• For the afternoon, we drive the short distance to Hill Top to take a peek into the enchanting world of Beatrix Potter. This 17th-century Lake District farm served as Beatrix Potter's artistic retreat from 1905 until she died in 1943, and she used the house, garden, and 35-acre farm's animal life and surrounding landscape as inspiration for her beloved books. Today, Hill Top is open to the public as a writer's house museum, allowing visitors to experience the property just as Beatrix Potter did. The garden is simple, maintained in the relaxed English cottage-garden style, with informal borders planted with charming flowers and vegetables, including scenes illustrated in Beatrix Potter's books. The property was left to the National Trust, a charity and membership organization for heritage conservation, preserving Hill Top for future generations.
  • Tonight, we return to the Lakeside Hotel and come together for dinner in the hotel restaurant (included).


  • We start our day at the gorgeous naturalistic garden next to the Hepworth Wakefield Gallery, a free public space for the community, open 24 hours a day all year long, on the banks of the River Calder. The one-acre garden was designed by Tom Stuart-Smith, whose splendid design we saw at Mount St John earlier in the week. The garden aims to reflect the natural environment that would have inspired Barbara Hepworth, the gallery's namesake and an important 20th-century artist born and brought up in Wakefield. The garden's design features a dense planting scheme, creating a colorful oasis for visitors. Between the virtuosic plantings are a medley of angular concrete paths, small gathering spaces, and verdant lawns echoing the sculptures within the Hepworth, creating a connection between the art and the garden. Lunch will be at the gallery’s cafe (not included).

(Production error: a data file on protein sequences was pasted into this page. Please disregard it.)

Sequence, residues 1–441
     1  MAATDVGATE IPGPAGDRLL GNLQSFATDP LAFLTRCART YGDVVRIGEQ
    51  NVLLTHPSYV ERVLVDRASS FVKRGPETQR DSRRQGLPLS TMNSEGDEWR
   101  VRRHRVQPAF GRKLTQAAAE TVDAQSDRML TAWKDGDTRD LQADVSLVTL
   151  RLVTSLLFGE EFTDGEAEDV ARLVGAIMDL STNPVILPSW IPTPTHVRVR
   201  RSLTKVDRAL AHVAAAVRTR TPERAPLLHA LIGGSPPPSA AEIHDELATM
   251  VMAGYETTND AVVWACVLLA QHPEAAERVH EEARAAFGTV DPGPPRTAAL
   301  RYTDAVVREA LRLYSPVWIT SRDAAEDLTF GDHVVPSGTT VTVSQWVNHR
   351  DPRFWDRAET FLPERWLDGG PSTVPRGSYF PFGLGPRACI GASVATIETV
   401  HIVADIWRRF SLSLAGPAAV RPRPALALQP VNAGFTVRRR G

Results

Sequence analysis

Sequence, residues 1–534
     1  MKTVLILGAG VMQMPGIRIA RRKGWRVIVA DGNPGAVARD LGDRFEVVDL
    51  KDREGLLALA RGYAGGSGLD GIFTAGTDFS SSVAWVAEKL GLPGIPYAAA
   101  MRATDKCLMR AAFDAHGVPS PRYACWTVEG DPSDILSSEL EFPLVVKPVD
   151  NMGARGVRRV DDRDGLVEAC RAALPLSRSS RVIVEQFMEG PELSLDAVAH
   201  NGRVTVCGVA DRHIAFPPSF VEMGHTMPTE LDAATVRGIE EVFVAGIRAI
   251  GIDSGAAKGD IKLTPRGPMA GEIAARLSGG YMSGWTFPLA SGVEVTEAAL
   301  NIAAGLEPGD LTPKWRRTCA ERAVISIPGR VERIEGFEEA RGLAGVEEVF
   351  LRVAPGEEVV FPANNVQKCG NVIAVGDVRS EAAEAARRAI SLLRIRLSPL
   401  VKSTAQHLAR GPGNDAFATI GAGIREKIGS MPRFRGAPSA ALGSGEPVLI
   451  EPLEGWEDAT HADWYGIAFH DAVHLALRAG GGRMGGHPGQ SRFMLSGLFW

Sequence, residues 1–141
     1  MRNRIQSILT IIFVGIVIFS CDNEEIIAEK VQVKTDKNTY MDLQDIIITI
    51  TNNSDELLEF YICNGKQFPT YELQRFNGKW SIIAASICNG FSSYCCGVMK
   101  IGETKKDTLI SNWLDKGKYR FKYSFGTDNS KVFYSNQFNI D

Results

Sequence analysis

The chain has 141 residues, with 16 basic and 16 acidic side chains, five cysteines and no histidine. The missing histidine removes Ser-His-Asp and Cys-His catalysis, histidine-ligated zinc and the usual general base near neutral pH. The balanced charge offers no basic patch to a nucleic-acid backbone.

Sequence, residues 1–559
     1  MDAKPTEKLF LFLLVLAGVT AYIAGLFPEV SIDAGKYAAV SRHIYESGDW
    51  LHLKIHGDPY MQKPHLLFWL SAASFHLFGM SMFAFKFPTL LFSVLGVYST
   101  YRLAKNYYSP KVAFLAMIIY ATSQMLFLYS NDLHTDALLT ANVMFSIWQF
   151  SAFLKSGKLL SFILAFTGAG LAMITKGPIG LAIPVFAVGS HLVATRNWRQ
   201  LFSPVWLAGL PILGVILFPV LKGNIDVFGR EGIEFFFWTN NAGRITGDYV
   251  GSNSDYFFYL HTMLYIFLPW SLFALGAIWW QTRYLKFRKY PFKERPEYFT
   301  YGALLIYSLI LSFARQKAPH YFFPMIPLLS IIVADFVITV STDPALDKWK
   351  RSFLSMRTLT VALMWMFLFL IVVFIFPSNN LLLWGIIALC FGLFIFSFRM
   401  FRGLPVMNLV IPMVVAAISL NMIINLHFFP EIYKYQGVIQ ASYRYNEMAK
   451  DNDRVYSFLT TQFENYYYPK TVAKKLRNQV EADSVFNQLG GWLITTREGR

• Our tour’s last garden represents hope in the time of climate change. It’s ‘Grey to Green,’ a recently completed nearly mile-long public garden in Sheffield city center. Rundown streets prone to flooding have been transformed into a flower-filled haven for humans and wildlife. Planted areas form rain gardens designed to absorb and clean water runoff and prevent flooding. The design is by Nigel Dunnett and Zac Tudor. In cities where encounters with nature can be uncommon, the ‘Grey to Green’ project's flower-rich planting is an inspiring example of what is possible, drawing people back to the natural world. With its innovative design and focus on promoting well-being, the project is a compelling example of what is achieved when prioritizing gardens in cities.
  • For our final night, we return to Clayton Hotel, the airport hotel we stayed in the first night, and gather in the hotel restaurant for our Farewell Dinner (included).

Day 9, Thursday, July 27-- DEPARTURE

  • Our time together ends, but garden lovers will likely find inspiration wherever they are. Tour members can choose to return home or carry on the adventure.